When you're signing a commercial lease, the extension clause may not seem as important as some other details like the rent and CAM, but it's a mistake not to carefully read the extension clause. Because tenants tend to receive the most benefits from this portion of the lease, landlords may try to use restrictive language or omit the clause entirely. Knowing the following information about lease extension clauses can help you protect your company from being forced to move at the end of your lease.
1. How to Notify Your Landlord
The lease extension spells out precisely how and when you need to notify your landlord that you intend to renew your lease. In most cases, you will need to submit written notice to the landlord. Leases may require you to do so 6 to 12 months before the end of the lease or by a certain deadline that is specified in the clause. If you fail to notify your landlord properly or on time, you will be ineligible to extend your lease.
2. Landlords Will Push for the Original Term Length
Most landlords will make the term of lease extensions equivalent to the original term of the lease, particularly if you previously had a short-term lease. To give yourself more flexibility, you can ask for the option to renew at different length terms. For example, you may have language inserted that gives you the ability to renew for three or five years.
3. Your Rent Rate May Not Be the Same Under the Extension
Landlords will often try to raise the rent when you sign an extension. In some cases, the clause may say that you can extend your lease with a new rent based on the current fair market value of your space at the time of renewal. It's also possible for landlords to insert language that allows the rent to be increased with an extension based on changes in the consumer price index.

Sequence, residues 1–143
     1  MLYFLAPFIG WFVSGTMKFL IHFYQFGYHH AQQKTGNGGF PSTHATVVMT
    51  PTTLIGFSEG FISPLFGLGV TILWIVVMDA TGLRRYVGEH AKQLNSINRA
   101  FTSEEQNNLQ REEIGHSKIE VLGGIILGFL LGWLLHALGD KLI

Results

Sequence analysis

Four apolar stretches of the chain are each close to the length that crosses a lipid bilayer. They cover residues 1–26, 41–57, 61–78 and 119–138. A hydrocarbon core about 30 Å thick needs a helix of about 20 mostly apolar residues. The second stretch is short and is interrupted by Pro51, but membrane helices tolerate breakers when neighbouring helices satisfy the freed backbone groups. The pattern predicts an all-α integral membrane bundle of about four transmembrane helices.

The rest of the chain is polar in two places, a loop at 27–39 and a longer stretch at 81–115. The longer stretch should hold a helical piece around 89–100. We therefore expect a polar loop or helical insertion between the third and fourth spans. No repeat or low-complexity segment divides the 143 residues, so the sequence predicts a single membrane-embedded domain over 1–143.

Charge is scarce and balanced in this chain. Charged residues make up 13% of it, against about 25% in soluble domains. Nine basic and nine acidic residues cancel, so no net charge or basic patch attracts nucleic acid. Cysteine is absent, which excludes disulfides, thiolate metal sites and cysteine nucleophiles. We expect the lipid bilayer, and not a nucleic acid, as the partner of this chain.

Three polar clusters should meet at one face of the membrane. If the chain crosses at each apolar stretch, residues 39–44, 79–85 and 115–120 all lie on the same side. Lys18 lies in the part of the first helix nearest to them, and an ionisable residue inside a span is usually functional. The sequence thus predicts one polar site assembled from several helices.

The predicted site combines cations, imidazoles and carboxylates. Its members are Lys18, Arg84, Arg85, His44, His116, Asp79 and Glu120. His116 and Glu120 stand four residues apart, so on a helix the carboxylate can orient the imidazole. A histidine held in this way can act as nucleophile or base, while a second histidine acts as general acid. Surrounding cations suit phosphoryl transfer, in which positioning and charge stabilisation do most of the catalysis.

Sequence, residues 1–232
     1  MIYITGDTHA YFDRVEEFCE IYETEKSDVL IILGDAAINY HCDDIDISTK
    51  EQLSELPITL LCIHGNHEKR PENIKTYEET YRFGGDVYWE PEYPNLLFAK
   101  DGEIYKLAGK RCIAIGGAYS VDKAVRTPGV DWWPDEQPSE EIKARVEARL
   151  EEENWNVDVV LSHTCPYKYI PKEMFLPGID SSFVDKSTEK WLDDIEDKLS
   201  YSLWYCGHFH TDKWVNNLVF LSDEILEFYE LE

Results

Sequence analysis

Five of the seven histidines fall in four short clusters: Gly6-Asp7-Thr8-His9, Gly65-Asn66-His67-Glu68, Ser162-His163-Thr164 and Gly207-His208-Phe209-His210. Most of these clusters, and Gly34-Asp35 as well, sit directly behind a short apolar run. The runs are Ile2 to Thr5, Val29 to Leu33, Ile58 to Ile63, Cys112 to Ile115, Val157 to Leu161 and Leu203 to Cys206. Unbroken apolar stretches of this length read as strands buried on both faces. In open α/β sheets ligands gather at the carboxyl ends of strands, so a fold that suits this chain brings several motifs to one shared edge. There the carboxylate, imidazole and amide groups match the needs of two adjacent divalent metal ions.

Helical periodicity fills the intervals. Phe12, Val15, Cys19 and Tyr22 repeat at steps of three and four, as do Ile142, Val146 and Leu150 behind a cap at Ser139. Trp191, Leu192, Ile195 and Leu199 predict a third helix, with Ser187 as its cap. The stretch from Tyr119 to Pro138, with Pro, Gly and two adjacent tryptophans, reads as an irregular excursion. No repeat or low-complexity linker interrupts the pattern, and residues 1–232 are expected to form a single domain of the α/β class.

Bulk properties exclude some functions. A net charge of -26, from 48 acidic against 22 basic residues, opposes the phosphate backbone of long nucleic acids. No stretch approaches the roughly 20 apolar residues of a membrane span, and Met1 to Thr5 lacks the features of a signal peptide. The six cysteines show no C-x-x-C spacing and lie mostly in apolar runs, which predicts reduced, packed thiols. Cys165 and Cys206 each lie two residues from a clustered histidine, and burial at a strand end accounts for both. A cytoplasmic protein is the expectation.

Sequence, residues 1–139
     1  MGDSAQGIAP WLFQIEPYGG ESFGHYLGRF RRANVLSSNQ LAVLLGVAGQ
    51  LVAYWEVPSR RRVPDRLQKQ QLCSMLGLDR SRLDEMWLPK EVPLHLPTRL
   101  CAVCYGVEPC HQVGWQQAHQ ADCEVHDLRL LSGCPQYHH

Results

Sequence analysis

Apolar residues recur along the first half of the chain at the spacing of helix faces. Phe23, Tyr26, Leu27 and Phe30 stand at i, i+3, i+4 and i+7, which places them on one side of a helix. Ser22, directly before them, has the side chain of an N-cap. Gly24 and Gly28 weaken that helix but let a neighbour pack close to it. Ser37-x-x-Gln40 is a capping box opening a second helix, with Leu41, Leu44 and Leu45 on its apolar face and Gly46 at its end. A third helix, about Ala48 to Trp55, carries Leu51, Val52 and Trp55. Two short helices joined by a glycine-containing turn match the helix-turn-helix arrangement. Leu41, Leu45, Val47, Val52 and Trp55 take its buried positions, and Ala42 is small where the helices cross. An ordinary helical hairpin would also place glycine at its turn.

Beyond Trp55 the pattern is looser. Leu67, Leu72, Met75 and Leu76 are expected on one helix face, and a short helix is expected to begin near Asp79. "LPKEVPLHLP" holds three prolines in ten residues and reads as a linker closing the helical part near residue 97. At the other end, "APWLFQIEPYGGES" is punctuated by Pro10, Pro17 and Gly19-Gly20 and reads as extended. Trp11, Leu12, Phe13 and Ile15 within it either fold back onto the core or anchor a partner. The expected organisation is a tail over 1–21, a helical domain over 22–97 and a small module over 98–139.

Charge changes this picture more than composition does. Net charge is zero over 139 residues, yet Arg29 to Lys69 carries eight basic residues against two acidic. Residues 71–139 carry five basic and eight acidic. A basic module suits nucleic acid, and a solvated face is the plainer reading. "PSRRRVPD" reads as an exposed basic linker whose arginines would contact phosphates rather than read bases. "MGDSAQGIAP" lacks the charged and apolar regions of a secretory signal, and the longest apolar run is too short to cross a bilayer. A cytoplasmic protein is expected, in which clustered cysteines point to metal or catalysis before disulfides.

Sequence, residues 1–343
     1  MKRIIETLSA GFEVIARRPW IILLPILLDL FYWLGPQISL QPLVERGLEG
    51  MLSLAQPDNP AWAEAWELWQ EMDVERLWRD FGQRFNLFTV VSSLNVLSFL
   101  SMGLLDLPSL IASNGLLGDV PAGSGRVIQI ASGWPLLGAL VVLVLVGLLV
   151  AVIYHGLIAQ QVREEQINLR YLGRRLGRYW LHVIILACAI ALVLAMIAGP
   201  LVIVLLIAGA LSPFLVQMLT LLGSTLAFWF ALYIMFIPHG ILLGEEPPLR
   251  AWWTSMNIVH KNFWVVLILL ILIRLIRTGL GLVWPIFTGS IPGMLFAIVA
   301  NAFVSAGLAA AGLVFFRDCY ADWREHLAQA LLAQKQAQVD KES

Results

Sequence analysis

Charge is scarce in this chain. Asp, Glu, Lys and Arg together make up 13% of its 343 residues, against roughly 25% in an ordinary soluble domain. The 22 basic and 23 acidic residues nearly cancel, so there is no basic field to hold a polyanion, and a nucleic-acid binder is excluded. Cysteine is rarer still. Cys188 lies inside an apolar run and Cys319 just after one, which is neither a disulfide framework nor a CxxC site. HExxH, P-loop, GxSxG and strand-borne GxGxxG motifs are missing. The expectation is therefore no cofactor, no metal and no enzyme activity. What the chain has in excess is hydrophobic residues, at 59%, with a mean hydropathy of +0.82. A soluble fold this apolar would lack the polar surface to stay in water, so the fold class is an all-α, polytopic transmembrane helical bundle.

When possible, negotiate to extend your lease at your current rent. If the landlord refuses, you can ask to have the initial rent for the lease extension calculated based on whatever rent escalation method is used over the course of your current lease. Should you be unable to achieve this concession, make sure that at the very least the method of calculating the fair market value of the office space is spelled out clearly in the extension clause.
4. A Tenant Rep Broker Can Help You Get the Best Terms Possible
Tenant rep brokers are incredibly beneficial throughout the commercial real estate search process and can give you an edge when you're negotiating your lease. With their knowledge of the market and potential relationship with your prospective landlord, tenant rep brokers can evaluate the extension clause, point out areas of concern and help you fight to have them changed. As landlords pay the fees for the tenant representative, having one at the negotiating table with you will not increase the costs of your move.
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